In allaboutcircuits.com forum, a question was posted: How can I combine an AC source of known frequency and amplitude with a DC power supply?

I thought this is an interesting problem, so here is the solution.

Subsequent messages clarified the requirements: 5V power supply, and the load needs 0.5A, which would make the load 10 ohms. The signal that rides on top of the DC voltage has to be 20 mVpkpk.

First, we need an inductor in series with the power supply to block the AC component. In this schematic, V1 is the 10 MHz generator and V2 is the 5V power supply.

The inductor’s impedance should be at least 10 times higher than the load, so that most of the generator energy goes into the load. If we note XL the inductor impedance, then XL = 10·RL, so XL = 100 ohms, and L1 can be calculated

The result is L1 = 1.59 uH, with a standard value of 1.8 uH.

Then, we need a capacitor in series with the generator, to block the DC component from coming into the generator output. The generator, through this capacitor, “sees” the load in parallel with the inductor, considering that the power supply output impedance is low, close to zero. Because of that, the capacitor impedance, together with the parallel combination load and inductor impedance form an attenuator. The signal amplitude on the load, can be written as follows:

where VL is the AC signal amplitude on load, VG is the generator amplitude, RLparXL is the load and inductor in parallel

and XC is the capacitor impedance. Using the above relation the capacitor impedance becomes

Taking into consideration that VL = 20 mVpkpk, L = 1.8 uH and choosing the generator amplitude VG = 100 mVpkpk, C1 becomes

with the result C1 = 433.07 pF. A standard value for C1 is 430 pF.

The generator amplitude can be slightly adjusted around 100 mVpkpk, so that the signal on load is exactly 20 mVpkpk.

And what is the current the generator sources on load? This can be easily calculated noting that the generator “sees” a capacitor in series with RL in parallel with L1. Since XC + RLparXL = 45.94 ohms, the generator output current is 2.18 mApkpk.

A 0.5 A, 1.8 uH inductor can be easily found. The generator sends into the power supply approximately 0.2 mApkpk signal. If this is not desirable, the inductor value can be increased with the disadvantage that its size increases.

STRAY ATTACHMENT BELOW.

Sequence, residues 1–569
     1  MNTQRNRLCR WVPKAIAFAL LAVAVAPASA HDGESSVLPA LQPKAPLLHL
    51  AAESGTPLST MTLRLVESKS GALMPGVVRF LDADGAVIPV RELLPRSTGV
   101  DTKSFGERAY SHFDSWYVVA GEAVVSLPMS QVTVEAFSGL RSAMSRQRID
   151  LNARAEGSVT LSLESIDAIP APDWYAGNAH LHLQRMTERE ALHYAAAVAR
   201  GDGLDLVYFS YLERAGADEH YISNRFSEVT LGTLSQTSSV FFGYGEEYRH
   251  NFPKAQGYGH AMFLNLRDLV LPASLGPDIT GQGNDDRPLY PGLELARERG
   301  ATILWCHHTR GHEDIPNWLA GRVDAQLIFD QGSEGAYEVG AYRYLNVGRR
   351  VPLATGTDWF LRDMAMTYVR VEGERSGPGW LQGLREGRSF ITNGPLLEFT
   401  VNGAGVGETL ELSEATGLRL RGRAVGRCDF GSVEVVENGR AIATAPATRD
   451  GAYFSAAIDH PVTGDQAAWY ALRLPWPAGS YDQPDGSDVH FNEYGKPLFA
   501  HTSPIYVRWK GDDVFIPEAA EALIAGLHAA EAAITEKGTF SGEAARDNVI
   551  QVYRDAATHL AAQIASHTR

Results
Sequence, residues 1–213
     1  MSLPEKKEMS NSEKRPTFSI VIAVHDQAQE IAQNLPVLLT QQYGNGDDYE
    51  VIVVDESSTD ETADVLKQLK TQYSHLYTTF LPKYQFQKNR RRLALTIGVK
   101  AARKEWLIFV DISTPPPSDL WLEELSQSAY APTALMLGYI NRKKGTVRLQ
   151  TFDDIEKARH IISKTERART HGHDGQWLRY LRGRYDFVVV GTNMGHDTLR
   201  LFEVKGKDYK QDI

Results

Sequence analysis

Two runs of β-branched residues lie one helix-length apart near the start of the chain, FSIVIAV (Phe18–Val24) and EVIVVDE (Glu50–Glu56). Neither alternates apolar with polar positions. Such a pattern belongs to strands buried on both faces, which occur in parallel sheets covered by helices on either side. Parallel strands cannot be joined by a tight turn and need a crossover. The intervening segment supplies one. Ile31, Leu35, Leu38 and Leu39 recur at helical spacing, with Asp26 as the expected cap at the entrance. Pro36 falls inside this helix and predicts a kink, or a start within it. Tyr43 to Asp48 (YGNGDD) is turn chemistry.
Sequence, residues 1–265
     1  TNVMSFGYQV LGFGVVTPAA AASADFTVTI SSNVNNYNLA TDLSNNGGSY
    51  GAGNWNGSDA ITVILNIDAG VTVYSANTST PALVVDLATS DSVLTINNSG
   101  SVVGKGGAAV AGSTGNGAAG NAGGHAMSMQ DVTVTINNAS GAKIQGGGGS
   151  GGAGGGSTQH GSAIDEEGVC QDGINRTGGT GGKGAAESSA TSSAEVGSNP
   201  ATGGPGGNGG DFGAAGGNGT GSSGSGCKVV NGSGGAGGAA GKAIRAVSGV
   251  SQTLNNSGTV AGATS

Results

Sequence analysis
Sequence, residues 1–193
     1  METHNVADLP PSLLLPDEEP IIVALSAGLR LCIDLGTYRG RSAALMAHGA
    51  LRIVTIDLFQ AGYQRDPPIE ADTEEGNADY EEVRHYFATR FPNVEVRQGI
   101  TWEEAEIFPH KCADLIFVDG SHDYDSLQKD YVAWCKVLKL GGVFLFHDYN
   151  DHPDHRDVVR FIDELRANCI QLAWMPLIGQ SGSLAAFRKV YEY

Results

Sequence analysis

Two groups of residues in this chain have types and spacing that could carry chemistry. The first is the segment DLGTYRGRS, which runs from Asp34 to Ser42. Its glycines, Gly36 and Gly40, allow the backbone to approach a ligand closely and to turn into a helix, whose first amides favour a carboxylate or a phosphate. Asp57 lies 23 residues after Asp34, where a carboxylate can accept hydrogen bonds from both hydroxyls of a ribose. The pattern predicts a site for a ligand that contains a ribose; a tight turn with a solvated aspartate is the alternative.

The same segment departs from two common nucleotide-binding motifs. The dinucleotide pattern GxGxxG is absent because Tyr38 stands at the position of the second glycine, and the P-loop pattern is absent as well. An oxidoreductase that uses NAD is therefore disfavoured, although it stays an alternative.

Note that this method considers the load as being pure resistive. If the load has reactive components, RL has to be replaced by the combined impedance values of the resistive and reactive components.

I am trying to work the formula for L1 and the numbers just don’t add up. My circuit in somewhat different, in that my frequency is 15kHz and my load is 10mA, but the final desired outcome is the same. When I try to calculate the values for L1 (for example) as stated, I don’t come up with 1.58, my calculation is 3.1830 (I assume this is Henry’s). Is there an error on the website or a misunderstanding on my part? What am I doing wrong?

What is the load in ohms? If the voltage is 5V, with 10 mA load current, then your load is 500 ohms. You want your inductor impedance to be 10 times higher, at 5 kohm. Therefore, L1 = 5 kohm / (2 * PI * 15 kHz) = 53 mH.

I need to add a 1Vp-p, 50 Hz sine wave on 12VDC so I determined that I needed a 1.0H inductor (very big and heavy) and some value of capacitor (I forget exactly). Anyways, I built it with a 48 ohm power resistor (actual load needs 250mA) and it worked very well. I ended up having to increase the DC voltage a little to over come the internal DC resistance of my inductor to get my required 12VDC at my load, but it worked until I plugged in my actual load. The DC output oscillates like a square wave around 5 Hz! I am not sure why this is happening. The load has about 20uF capacitance and internal DC-DC regulators and switchers. The best answer I can think of is that maybe the internal DC-DC switcher/regulators shut down perhaps due to an over voltage condition??? Or maybe the DC input rise time is too slow and causes some weird condition inside??? I have now removed the AC and capacitor and just have my benchtop DC voltage generator to this large inductor to my load. Any thoughts of what could be happening?

I would guess that your inductor together with the capacitive load create a tank with a self resonant frequency of 5 Hz. Or, it may be that your 12 V power supply is overloaded and goes into protection mode (it folds) oscillating between on and off. Good supplies should stay folded until you power cycle them.

Can you inject an AC pulse without the inductors?

No. Without the inductor the power supply will short-circuit the AC signal generator.